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Williams v. Crawford (6/18/99) sp-5135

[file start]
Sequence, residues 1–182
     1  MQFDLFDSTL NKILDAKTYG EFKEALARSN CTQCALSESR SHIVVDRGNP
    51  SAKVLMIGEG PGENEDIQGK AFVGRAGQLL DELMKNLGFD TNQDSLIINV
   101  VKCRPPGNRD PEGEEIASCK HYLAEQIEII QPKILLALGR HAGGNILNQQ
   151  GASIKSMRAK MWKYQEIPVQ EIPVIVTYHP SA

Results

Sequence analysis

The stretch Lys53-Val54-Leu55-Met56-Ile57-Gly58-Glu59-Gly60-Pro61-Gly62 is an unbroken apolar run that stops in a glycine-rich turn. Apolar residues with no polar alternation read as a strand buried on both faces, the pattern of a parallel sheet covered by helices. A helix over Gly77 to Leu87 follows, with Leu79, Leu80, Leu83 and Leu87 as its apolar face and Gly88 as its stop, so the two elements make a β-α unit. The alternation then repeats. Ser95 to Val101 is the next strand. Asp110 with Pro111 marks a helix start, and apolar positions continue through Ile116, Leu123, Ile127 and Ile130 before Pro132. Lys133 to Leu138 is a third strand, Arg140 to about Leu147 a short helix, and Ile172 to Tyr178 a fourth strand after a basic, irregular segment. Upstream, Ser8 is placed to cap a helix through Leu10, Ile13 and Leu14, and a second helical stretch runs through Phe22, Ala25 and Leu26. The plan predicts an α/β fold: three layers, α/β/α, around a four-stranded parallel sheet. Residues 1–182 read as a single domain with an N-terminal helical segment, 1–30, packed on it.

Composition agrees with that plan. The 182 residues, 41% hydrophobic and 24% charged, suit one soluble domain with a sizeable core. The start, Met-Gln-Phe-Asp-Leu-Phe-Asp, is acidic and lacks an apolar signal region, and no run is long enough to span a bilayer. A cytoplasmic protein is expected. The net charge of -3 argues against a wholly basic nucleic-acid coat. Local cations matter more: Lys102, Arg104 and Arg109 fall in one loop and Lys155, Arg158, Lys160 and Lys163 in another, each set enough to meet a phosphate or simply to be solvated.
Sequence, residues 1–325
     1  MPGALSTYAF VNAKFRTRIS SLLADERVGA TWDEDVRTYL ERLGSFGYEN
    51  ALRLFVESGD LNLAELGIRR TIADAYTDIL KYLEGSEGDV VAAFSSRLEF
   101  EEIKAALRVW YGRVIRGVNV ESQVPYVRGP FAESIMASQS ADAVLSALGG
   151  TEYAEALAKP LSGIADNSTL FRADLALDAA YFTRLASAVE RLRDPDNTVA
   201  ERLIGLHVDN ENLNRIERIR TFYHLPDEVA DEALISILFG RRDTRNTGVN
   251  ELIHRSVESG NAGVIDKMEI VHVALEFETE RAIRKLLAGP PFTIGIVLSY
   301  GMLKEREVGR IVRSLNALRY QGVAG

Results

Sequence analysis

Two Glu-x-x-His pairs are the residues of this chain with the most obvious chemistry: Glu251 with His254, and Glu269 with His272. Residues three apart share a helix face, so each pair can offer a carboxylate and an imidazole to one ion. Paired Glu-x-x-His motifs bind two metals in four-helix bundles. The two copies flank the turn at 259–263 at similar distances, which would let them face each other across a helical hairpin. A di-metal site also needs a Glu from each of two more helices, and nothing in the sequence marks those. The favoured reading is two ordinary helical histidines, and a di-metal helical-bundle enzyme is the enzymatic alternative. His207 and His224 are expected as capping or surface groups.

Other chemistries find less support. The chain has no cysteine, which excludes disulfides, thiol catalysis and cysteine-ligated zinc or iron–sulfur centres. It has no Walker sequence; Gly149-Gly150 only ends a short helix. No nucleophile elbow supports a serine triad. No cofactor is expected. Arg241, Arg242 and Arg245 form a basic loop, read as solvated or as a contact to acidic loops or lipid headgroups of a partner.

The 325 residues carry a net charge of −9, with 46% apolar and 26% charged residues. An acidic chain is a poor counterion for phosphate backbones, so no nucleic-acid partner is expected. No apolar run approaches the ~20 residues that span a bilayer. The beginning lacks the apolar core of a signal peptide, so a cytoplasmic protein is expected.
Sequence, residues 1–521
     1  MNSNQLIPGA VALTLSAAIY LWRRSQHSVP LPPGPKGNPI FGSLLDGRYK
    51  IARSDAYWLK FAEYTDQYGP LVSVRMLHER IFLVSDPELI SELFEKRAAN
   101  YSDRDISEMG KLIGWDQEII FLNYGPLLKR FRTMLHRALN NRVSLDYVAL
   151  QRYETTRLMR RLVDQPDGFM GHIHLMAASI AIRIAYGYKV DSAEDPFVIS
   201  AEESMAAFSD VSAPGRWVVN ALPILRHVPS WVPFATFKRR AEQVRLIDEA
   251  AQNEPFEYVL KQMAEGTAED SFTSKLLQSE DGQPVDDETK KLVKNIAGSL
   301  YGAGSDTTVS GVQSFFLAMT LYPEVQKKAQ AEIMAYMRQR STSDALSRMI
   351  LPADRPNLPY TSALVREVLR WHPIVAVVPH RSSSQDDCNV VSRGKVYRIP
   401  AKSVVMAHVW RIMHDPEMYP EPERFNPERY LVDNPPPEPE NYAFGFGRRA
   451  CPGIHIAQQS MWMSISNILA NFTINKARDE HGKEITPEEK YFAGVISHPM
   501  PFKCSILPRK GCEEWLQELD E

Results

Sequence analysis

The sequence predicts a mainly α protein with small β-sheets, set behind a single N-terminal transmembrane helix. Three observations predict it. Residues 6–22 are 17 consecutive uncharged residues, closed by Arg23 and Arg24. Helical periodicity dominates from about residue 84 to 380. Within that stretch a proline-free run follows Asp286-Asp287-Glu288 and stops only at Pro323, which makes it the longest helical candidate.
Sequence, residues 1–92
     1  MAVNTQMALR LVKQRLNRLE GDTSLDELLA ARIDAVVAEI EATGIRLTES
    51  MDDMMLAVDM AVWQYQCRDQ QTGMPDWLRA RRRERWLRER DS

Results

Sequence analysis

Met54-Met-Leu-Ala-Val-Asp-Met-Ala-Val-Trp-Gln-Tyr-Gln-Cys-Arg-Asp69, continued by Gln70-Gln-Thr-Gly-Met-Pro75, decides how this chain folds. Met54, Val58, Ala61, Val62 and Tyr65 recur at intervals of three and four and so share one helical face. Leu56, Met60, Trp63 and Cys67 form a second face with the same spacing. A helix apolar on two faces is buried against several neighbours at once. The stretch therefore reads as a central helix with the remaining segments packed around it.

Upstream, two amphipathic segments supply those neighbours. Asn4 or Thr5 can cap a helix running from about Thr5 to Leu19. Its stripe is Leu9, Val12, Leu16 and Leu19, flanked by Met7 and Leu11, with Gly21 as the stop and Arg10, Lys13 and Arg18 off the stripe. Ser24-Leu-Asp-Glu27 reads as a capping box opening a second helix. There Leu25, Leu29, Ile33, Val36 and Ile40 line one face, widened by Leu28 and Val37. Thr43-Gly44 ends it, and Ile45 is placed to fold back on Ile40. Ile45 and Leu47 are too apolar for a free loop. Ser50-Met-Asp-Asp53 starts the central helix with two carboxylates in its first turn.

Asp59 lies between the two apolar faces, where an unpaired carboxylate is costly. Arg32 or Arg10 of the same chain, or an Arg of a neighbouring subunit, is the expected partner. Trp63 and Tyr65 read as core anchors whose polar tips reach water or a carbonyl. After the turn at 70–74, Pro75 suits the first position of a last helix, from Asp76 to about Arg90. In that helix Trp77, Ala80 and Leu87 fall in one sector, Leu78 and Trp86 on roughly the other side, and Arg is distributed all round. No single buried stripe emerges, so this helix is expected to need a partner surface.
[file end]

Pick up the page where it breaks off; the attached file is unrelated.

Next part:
Notice: This opinion is subject to correction before publication in the Pacific Reporter. Readers are requested to bring errors to the attention of the Clerk of the Appellate Courts, 303 K Street, Anchorage, Alaska 99501, phone (907) 264-0608, fax (907) 264-0878. THE SUPREME COURT OF THE STATE OF ALASKA CAMILLE (McVEY) WILLIAMS, ) ) Supreme Court No. S-8030 Appellant, ) ) Superior Court No. v. ) 3AN-91-5375 CI ) JAMES M. CRAWFORD, Personal ) O P I N I O N Representative of the estate ) of WILLIAM R. McVEY, deceased,) [No. 5135 - June 18, 1999] ) Appellee, ) ) and ) ) CYNTHIA GILBERT and RACHEL ) EVANS, ) ) Intervenors/Appellees. ) ______________________________) Appeal from the Superior Court of the State of Alaska, Third Judicial District, Anchorage, Michael Wolverton, Judge. Appearances: Steven D. Smith, Law Offices of Steven D. Smith, P.C., Anchorage, for Appellant. Ronald L. Bliss, Bliss & Wilkens, LLC, Anchorage, for Intervenors-Appellees Cynthia Gilbert and Rachel Evans. Before: Matthews, Chief Justice, Eastaugh, Fabe, and Bryner, Justices. EASTAUGH, Justice. I. INTRODUCTION Camille McVey requested enforcement of a property settlement agreement provision which obliged her ex-husband to name her as the recipient of his civil service pension's survivorship benefits. Because federal regulations render her ineligible for those benefits, we affirm the superior court's decision not to enforce the provision. But because both parties were unaware of the federal regulations when they entered into their agreement, we conclude that equity demands modification of their agreement under Civil Rule 60(b)(6). II. FACTS AND PROCEEDINGS After ten years of marriage, William McVey filed for divorce from his wife, Camille McVey (now Williams). William and Camille bifurcated the divorce proceedings, enabling the court to enter a decree of divorce while reserving the property and debt division issues for later resolution. Camille remarried after entry of the divorce decree. William and Camille then agreed to divide their property, splitting the marital estate almost in half. The superior court incorporated the parties' property settlement agreement into the divorce decree. Central to this appeal is Paragraph Seven of the agreement: [William] shall be granted all payments under his Civil Service pension during his lifetime. [Camille] shall be granted survivorship benefits upon [William]'s death equal to one- third the maximum survivorship benefits that may be elected, which means that [Camille] shall receive survivorship benefits at [William]'s death of at least $6,912 per year, or $576 per month. [William] shall elect survivor benefits and shall be responsible for any required premiums or cost to insure [Camille]'s survivorship benefits. This Court shall retain jurisdiction as necessary to enforce these provisions. When William retired two years later, he discovered that federal regulations made Camille ineligible for the survivorship benefits because she had remarried before age fifty-five. Both parties were unaware of this restriction when they entered into the agreement. Informed of her ineligibility, Camille moved under Alaska Civil Rule 60(b)(6) to be named the irrevocable beneficiary of William's life insurance policies, the combined value of which totaled $194,000. The superior court granted Camille's motion over William's opposition. Before complying with the superior court order, William unexpectedly died. William's estate, represented by James Crawford, his testamentary executor, moved in the superior court for relief from the order under Alaska Civil Rules 60(b)(2), (5), and (6). The estate argued that Camille, as beneficiary of William's life insurance policies, would receive significantly more money ($194,000 in life insurance) than she would have received had she been eligible for William's survivorship benefits (either $62,528 or $78,126). William's surviving children, Cynthia Gilbert and Rachel Evans, intervened as interested parties. We refer to the estate and the children collectively as "the estate." At a hearing on the matter, the superior court agreed with the estate and granted its motion for relief. The court concluded that "the most equitable result is to determine the present value of the [survivorship benefits] . . . on the date that the Property Settlement Agreement was entered into . . . ." It valued the benefits at $5,594 plus interest, relying on expert testimony proffered by the estate at the hearing. The court also vacated its prior order naming Camille the irrevocable beneficiary of William's life insurance policies. Camille moved for a new hearing. The superior court granted Camille's motion and vacated its valuation of Camille's interest because it had not notified the parties that it would make such a valuation at the hearing. At the rehearing, Camille alleged that Paragraph Seven contained a bargained-for promise by William to provide her with a guaranteed monthly annuity of at least $576. Accordingly she asked the superior court to "enforce"the Property Settlement Agreement by awarding her the benefit of her bargain: the cost of purchasing an equivalent annuity on the market at the date of trial. The superior court rejected Camille's argument; it determined that Camille had "bargained for and received a marital asset known as the Former Spouse Survivor Annuity, an elective benefit of [William's] civil service retirement plan." The court concluded that it lacked jurisdiction to "enforce"the agreement. It also declined to modify the agreement and provide Camille alternative relief under the provisions of Alaska Civil Rule 60(b) because the parties had asked the court not to do so. Camille appeals. [Fn. 1] III. DISCUSSION A. The Superior Court Correctly Determined that It Lacked Jurisdiction to Grant Camille Relief. A court, pursuant to its inherent power to enforce its decrees, may grant equitable relief to ensure that parties to a property division agreement receive the benefit of their bargain. [Fn. 2] Therefore, we must decide what the parties bargained for and whether that bargain can be enforced. 1. Standard of review We apply basic contract interpretation principles to the interpretation of a property division agreement incorporated into a divorce decree. [Fn. 3] We determine de novo whether the requested relief constitutes enforcement of a property settlement agreement or whether it actually adds terms to the agreement. [Fn. 4] 2. Paragraph Seven is an unenforceable agreement to grant Camille survivorship benefits. Camille argues that the parties agreed to provide her with a guaranteed annuity and to leave William free to choose the means of providing that annuity. She insists that the court can enforce that agreement by ordering the estate to pay her a lump sum equal to the present value of the payments she should have received upon William's death. The estate disagrees; it alleges that Paragraph Seven simply granted Camille survivorship benefits as a means of dividing William's civil service pension. When interpreting contracts, we give effect to the parties' reasonable expectations. [Fn. 5] Those expectations are discerned from the language of the disputed provisions, other provisions, and relevant extrinsic evidence, with guidance from case law interpreting similar provisions. [Fn. 6] We depart from the plain language of the contract only if the contract language is ambiguous. [Fn. 7] "A contract is ambiguous only if, taken as a whole, it is reasonably subject to differing interpretations."[Fn. 8] For instance, in Wahl v. Wahl, [Fn. 9] we departed from the plain language of the property settlement agreement because the parties' use of the term "retirement"did not clarify whether the ex-wife was entitled to retirement benefits earned by her ex- husband after the marriage. [Fn. 10] But unlike the provision in Wahl, Paragraph Seven does not require interpretation to give it meaning. The term "survivorship benefits"is a term of art that has specific meaning in the context of a civil service pension. It is not a term subject to a variety of meanings, nor is it generally employed to imply a guaranteed annuity. Although the parties included specific dollar amounts in Paragraph Seven, the amounts only describe the grant of survivorship benefits; they are not what was granted. It appears that the parties added the specific dollar amounts because the civil service pension program offers pensioners several different options which result in varying levels of survivorship benefits. A letter and testimony by Camille's attorney cited by Camille support this conclusion. In addition, Camille's interpretation is inconsistent with the divorce proceeding. Pensions earned during marriage are marital property subject to division upon divorce. [Fn. 11] Thus, it is logical to conclude that Paragraph Seven was only an attempt to divide William's civil service pension, a marital asset. Furthermore, Camille has not provided any explanation as to why she would have received a guaranteed annuity. When she entered into the property settlement agreement she was not dependent upon William for support such that she might need financial protection if he should predecease her. She had already remarried and had her own business. We conclude that Paragraph Seven is an agreement to elect survivorship benefits for Camille as a means of dividing William's civil service pension. Because Camille remarried before age fifty- five, federal regulations render enforcement of the agreement impossible. Therefore, we affirm the superior court's conclusion that it lacked jurisdiction to award Camille the relief she requested. Because the agreement as it stands cannot be interpreted in Camille's favor, the agreement must be modified if Camille is to be granted relief. B. Camille Is Entitled to Relief under Alaska Civil Rule 60(b)(6). 1. Standard of review We review a superior court decision to grant or deny relief under Rule 60(b) for an abuse of discretion. [Fn. 12] Under this standard, we will reverse an order only if we are left with a definite and firm conviction based on the whole record that the trial judge has made a mistake. [Fn. 13] 2. Waiver of Alaska Civil Rule 60(b) relief Although Camille's Rule 60(b)(6) motion for relief initiated these post-divorce proceedings, the estate and the superior court interpreted her arguments during the second hearing as a rejection of such relief. For this reason, the court did not grant her Rule 60(b) relief even though it found that the facts entitled her to such relief. We employ a demanding standard for finding that parties have waived their rights to relief. We do so because the Alaska Rules of Civil Procedure require that courts grant parties the relief to which they are entitled, irrespective of the theory of their pleadings, and to prevent a court from depriving parties of their rights because they have mistaken the nature of the remedies available to them. [Fn. 14] Based on our review of the record, we conclude that Camille waived her right to Rule 60(b) relief only contingently in hopes of securing a remedy that she believed could only be granted through enforcement. We cannot conclude that she intended to reject Rule 60(b) relief if that was the only basis for relief. We note that granting Camille relief under Rule 60(b) is not prejudicial or unfair to the estate. Camille's original motion for Rule 60(b) relief which initiated these post-divorce proceedings fairly notified the estate that she might be eligible for such relief. At each stage of these proceedings the estate has argued Camille's entitlement to Rule 60(b)(6) relief. Finally, Camille, not the court, initiated the request for relief. Camille should not be denied relief on the theory she failed to assert a proper basis for her claim. [Fn. 15] Therefore, we reverse the superior court's conclusion that Camille waived her entitlement to relief under Rule 60(b). 3. Alaska Civil Rule 60(b)(1) The estate alleges that Camille's mistaken belief that her rights under Paragraph Seven had value could justify relief only under Rule 60(b)(1), i.e., as a "mistake"or "neglect."[Fn. 16] We disagree. Alaska case law does not clearly pinpoint which claims for relief are properly cognizable under Rule 60(b)(1). [Fn. 17] However, it appears that when a party is seeking relief due to the movant's mistake or neglect the claim falls under Rule 60(b)(1); but when the parties are mutually mistaken the claim falls under Rule 60(b)(6). [Fn. 18] The superior court concluded that Camille based her claim for relief on a mutual misunderstanding by the parties, and rejected the estate's assertion that Camille's claim for relief was properly cognizable under Rule 60(b)(1). We agree. Throughout the post-divorce proceedings the parties have consistently asserted that they were both unaware of Camille's actual ineligibility for the survivorship benefits. There is no contrary evidence in the record. 4. Alaska Civil Rule 60(b)(6) Although it concluded that she waived relief under Rule 60(b)(6), the superior court determined that Camille's claim met the standards for relief under that rule. Relief is granted under clause six in "extraordinary circumstances."[Fn. 19] We have enunciated four factors constituting extraordinary circumstances justifying relief under Rule 60(b)(6) from a property division: (1) the fundamental, underlying assumption of the dissolution agreement ha[s] been destroyed; (2) the parties' property division was poorly thought out; (3) the property division was reached without the benefit of counsel; and (4) the [asset in controversy] was the parties' principal asset. [Fn. 20] We have never held that all of these factors must be present to grant relief under Rule 60(b)(6). [Fn. 21] Rather, we view them "as instantiations of the equitable factors required to overcome the principle that, at some point, 'litigation [must] be brought to an end.'"[Fn. 22] Camille's claim for relief met the standards for relief under Rule 60(b)(6), because her eligibility for the survivorship benefits was one of the fundamental assumptions underlying the property division. We therefore hold that Camille is entitled to relief under Rule 60(b)(6). C. Equity Demands that Camille Receive Half of the Value of the Marital Portion of William's Civil Service Pension. Because we hold that the parties agreed to divide William's civil service pension we conclude that Camille should receive one-half of the value of the marital portion of William's civil service pension -- valued as of the date the parties entered into the property settlement agreement, August 12, 1992. This is the most equitable result given the particular facts of this case. We remand this valuation question to the superior court for determination. D. It Was Premature to Rule on Camille's Claim to the Proceeds of William's Life Insurance Policies. As part of its order, the superior court held that "[Camille] is entitled to no part of any life insurance proceeds which may have been received by Intervenors Cynthia Gilbert and Rachel Evans, as a result of the death of [William]." Camille objects to this holding as premature. She asserts that if this court awards a substantial judgment against William's estate and the estate is unable to satisfy the judgment, then she may have a claim to the insurance proceeds. Moreover, Camille notes that her entitlement to the proceeds is the subject of a separate lawsuit before a different judge. Although it seems unlikely that Camille will be able to reach the proceeds for satisfaction of this award, we cannot rule out the possibility that Camille may have a legal claim to a portion of the proceeds. The record is devoid of any evidence or argument regarding the life insurance policies. Therefore, we conclude that it was premature to rule on this issue and we vacate this ruling. IV. CONCLUSION We AFFIRM the superior court's holding that it lacks jurisdiction to enforce the property settlement agreement. But we REVERSE the denial of Rule 60(b)(6) relief to Camille and REMAND for proceedings consistent with this opinion. We VACATE the order regarding Camille's claim to the insurance proceeds. FOOTNOTES Footnote 1: The children, Cynthia Gilbert and Rachel Evans, were the only parties to submit briefs as appellees. Footnote 2: See Zito v. Zito, 969 P.2d 1144 (Alaska 1998); Wahl v. Wahl, 945 P.2d 1229 (Alaska 1997). Footnote 3: See Zito, 969 P.2d at 1147 n.4; Keffer v. Keffer, 852 P.2d 394, 397 (Alaska 1993). Footnote 4: See Horchover v. Field, 964 P.2d 1278, 1281 (Alaska 1998). Footnote 5: See Keffer, 852 P.2d at 397 (citing Jensen v. Ramras, 792 P.2d 668, 670 (Alaska 1990)). Footnote 6: See id. Footnote 7: See id. at 397 ("If contract language is unambiguous, the meaning of the contract is decided as a matter of law."). Footnote 8: Id. (quoting State v. Fairbanks North Star Borough Sch. Dist., 621 P.2d 1329, 1331 n.4 (Alaska 1981)). Footnote 9: 945 P.2d 1229 (Alaska 1997). Footnote 10: See id. at 1230-31 (agreement provided that "[t]he husband agrees to pay to the wife 33-1/3 percent of his retirement with the Federal government beginning on the first month in which he obtains retirement and continuing each month thereafter."). Footnote 11: See AS 25.24.160(a)(4). Footnote 12: See Hartland v. Hartland, 777 P.2d 636, 645 (Alaska 1989); Schofield v. Schofield, 777 P.2d 197, 202 (Alaska 1989); Allen v. Allen, 645 P.2d 774, 776-77 (Alaska 1982). Footnote 13: See Alaska Placer Co. v. Lee, 502 P.2d 128, 132 (Alaska 1992). Footnote 14: See Alaska R. Civ. P. 8(f) (requiring a court to construe all pleadings so as to do substantial justice); Alaska R. Civ. P. 54(c) (requiring that every final judgment, except by default, grant the relief to which the party in whose favor it is rendered is entitled even if the party has not demanded such relief in his or her pleading). See also Griffith v. Taylor, 937 P.2d 297, 307 (Alaska 1997) (reaffirming that pleadings should be liberally construed to ensure that plaintiff is granted relief to which he or she is entitled); Jackson v. Nangle, 677 P.2d 242, 254 (Alaska 1984) (holding that plaintiffs should not be denied damages because they relied on the wrong theory of recovery throughout the suit); Mitchell v. Land, 355 P.2d 682, 687 (Alaska 1960) (remanding case for redetermination where superior court denied relief to party whose complaint mistakenly requested wrong relief). Footnote 15: Cf. Clauson v. Clauson, 831 P.2d 1257, 1259 (Alaska 1992) (granting ex-wife's motion to modify a property division agreement incorporated into a divorce decree under Rule 60(b)(6) even though the ex-wife did not cite a statute or a rule of civil procedure authorizing the superior court to amend the decree). Footnote 16: Alaska Civil Rule 60(b)(1) relieves a party from a final judgment for "mistake, inadvertence, surprise or excusable neglect." In O'Link v. O'Link, 632 P.2d 225, 229 (Alaska 1981), we explained that clause six of Rule 60(b) and the first five clauses of Rule 60(b) are mutually exclusive. Although clause six is a "catch-all"provision, relief under clause six is not available unless the other clauses are inapplicable. See id. The fact that relief under one of the first five clauses is time-barred does not render it allowable under clause six. See also Hartland, 777 P.2d at 645. Footnote 17: See Dickerson v. Williams, 956 P.2d 458, 465 (Alaska 1998) (stating that our decisions, "like those of [our] federal counterparts, have neither expressly distinguished the separate grounds for relief under Rule 60(b)(1) nor set forth tests for them"). Footnote 18: See e.g., Schofield v. Schofield, 777 P.2d 197 (Alaska 1989) (modifying provisions of divorce decree regarding award of marital home to ex-husband under Rule 60(b)(6) where parties' assumption that ex-husband would care for and raise children proved wrong); Foster v. Foster, 684 P.2d 869 (Alaska 1984) (modifying provisions of divorce decree regarding division of marital home under Rule 60(b)(6) where divorced parties' assumption that they could continue to co-own the marital home and live as a family unit proved unworkable). Footnote 19: Clauson, 831 P.2d at 1260-61 . Footnote 20: Lowe v. Lowe, 817 P.2d 453, 458-59 (Alaska 1991). Footnote 21: See Clauson, 831 P.2d at 1260-61. Footnote 22: Id. at 1261 (quoting Lowe, 817 P.2d at 459).